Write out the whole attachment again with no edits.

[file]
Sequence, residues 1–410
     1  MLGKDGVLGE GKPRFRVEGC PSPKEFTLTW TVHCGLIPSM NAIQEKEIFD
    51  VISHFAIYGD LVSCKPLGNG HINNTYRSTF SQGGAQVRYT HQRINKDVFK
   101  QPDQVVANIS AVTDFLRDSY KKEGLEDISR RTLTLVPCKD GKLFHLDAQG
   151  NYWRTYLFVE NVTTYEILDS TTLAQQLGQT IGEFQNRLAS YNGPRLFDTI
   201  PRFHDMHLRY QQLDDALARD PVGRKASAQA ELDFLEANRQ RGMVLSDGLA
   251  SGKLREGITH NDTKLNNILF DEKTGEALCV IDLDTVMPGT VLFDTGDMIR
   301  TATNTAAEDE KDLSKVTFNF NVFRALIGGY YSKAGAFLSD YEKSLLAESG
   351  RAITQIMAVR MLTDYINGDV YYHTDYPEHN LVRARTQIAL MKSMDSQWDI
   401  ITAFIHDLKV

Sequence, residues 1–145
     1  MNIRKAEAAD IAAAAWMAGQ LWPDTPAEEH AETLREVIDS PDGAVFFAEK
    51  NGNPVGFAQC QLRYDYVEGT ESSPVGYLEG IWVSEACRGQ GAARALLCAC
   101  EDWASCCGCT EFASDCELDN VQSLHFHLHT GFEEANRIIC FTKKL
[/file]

Sequence, residues 1–410
     1  MLGKDGVLGE GKPRFRVEGC PSPKEFTLTW TVHCGLIPSM NAIQEKEIFD
    51  VISHFAIYGD LVSCKPLGNG HINNTYRSTF SQGGAQVRYT HQRINKDVFK
   101  QPDQVVANIS AVTDFLRDSY KKEGLEDISR RTLTLVPCKD GKLFHLDAQG
   151  NYWRTYLFVE NVTTYEILDS TTLAQQLGQT IGEFQNRLAS YNGPRLFDTI
   201  PRFHDMHLRY QQLDDALARD PVGRKASAQA ELDFLEANRQ RGMVLSDGLA
   251  SGKLREGITH NDTKLNNILF DEKTGEALCV IDLDTVMPGT VLFDTGDMIR
   301  TATNTAAEDE KDLSKVTFNF NVFRALIGGY YSKAGAFLSD YEKSLLAESG
   351  RAITQIMAVR MLTDYINGDV YYHTDYPEHN LVRARTQIAL MKSMDSQWDI
   401  ITAFIHDLKV

Sequence, residues 1–145
     1  MNIRKAEAAD IAAAAWMAGQ LWPDTPAEEH AETLREVIDS PDGAVFFAEK
    51  NGNPVGFAQC QLRYDYVEGT ESSPVGYLEG IWVSEACRGQ GAARALLCAC
   101  EDWASCCGCT EFASDCELDN VQSLHFHLHT GFEEANRIIC FTKKL